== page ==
More than 58% of the people living with HIV/AIDS in Africa are women.
Morenike Ukpong of the Nigeria HIV Vaccine and Microbicide Advocacy Group says that HIV/AIDS in Africa has “a woman face... further strengthened by high rates of domestic violence”.
Mrs Ukpong points out the socio-cultural status of the African woman predisposes her to the disease. Women’s rights are not of paramount importance in many African societies, they do not have the ability to refuse sexual favours to husbands who may themselves be infected, and they are not able to insist on condom use. Trying to do so often leaves women at risk of physical and sexual violence, with very little redress.
In conflict areas, women are also at risk because gang rape is often seen as an effective weapon of war, used to assert power, inflict pain, shame and humiliation, and terrorise and punish enemy populations. The victims of these heinous crimes are often at risk of disease, through no fault of their own.
Medical care for women is a low priority in many of the world’s poorest countries, and even where such care is available, many of the most vulnerable and at-risk women are not in a position to access it. Medicines and health care are expensive, and when the choice is a woman’s care or her child’s food, most women see no choice at all.
However, it is imperative for the future of the continent that women’s health issues are addressed and the risk to women of contracting HIV/AIDS is reduced. Women have a lot to offer society and if they are sick or weakened, their effectiveness is reduced and everyone suffers.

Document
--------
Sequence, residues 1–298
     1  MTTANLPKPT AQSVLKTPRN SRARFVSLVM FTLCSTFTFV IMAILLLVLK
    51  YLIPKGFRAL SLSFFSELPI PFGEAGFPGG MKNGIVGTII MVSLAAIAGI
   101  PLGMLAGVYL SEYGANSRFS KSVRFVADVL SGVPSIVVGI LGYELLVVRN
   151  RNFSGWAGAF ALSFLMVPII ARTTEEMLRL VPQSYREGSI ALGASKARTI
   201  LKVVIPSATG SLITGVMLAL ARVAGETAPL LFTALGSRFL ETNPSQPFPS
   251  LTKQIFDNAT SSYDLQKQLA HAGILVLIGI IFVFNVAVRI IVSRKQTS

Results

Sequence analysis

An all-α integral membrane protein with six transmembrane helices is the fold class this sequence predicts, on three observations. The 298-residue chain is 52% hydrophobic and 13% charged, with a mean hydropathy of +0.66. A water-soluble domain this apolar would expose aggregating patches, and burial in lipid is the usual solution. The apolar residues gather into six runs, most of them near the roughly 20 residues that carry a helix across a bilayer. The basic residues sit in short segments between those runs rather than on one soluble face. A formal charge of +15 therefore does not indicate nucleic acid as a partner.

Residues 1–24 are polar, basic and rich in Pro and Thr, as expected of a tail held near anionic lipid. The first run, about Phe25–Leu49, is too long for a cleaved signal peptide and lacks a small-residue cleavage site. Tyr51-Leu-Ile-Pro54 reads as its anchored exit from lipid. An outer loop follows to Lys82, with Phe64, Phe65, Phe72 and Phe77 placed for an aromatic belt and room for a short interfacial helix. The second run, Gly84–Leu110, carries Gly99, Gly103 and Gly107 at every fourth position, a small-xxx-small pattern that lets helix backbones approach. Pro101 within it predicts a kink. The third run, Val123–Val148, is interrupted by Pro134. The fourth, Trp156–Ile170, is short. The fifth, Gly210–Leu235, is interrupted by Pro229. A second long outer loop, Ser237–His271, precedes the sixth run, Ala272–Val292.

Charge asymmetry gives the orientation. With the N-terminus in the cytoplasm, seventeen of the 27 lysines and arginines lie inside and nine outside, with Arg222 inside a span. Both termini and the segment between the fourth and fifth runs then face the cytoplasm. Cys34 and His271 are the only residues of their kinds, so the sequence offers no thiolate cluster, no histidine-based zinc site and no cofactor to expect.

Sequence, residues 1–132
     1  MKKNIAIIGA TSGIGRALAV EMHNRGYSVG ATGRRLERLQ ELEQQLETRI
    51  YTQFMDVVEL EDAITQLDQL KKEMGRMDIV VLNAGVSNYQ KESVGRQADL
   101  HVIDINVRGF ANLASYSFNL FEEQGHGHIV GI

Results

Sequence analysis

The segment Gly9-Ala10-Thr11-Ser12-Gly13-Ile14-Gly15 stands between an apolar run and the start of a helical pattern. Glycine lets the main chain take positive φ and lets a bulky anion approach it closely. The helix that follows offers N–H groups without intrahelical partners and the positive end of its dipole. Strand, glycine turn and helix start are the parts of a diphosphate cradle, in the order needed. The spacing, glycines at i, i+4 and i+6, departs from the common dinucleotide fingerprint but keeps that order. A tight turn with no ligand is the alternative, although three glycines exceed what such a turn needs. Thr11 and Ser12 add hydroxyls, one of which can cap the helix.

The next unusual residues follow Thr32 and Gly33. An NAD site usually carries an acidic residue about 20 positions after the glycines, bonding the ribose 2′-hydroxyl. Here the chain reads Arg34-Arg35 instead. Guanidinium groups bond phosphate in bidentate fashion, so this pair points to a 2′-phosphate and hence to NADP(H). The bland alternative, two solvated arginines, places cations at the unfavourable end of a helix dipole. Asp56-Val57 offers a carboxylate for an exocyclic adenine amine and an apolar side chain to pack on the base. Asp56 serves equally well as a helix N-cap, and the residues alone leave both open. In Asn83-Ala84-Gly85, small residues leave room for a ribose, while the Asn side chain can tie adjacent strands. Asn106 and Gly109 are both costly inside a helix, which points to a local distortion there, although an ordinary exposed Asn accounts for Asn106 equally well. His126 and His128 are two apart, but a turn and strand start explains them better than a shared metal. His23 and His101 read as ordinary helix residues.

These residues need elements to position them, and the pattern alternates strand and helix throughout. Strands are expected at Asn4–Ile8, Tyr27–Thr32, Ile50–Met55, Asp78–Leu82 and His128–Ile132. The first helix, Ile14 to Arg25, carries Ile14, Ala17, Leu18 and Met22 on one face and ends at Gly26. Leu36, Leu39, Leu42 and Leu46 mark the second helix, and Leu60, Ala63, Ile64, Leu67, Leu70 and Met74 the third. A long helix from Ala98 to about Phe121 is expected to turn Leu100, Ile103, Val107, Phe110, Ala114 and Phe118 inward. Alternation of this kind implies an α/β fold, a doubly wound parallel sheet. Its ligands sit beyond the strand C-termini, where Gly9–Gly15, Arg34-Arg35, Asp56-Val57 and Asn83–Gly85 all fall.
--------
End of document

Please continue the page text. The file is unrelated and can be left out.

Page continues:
The next generation suffers if the women of today are unable to care for them, leaving the burden of care on the shoulders of older children, who then have to forego education, career and future to do a job that should not yet be theirs.
Sick and weakened women cannot work effectively, meaning farms don’t get tended, animals aren’t cared for, goods don’t get sold.
And of course, infected women risk infecting men who come into contact with them sexually, as well as passing on the virus to children they bear or breast feed. The resultant deaths are further increasing poverty, placing enormous loads on relatives who have to take care of the families of brothers and sisters who have died and creating a generation of child heads of home as 10 and 12 years olds now become the oldest in the family. This is in fact affecting WIN leaders already.
We'll tell you how next week...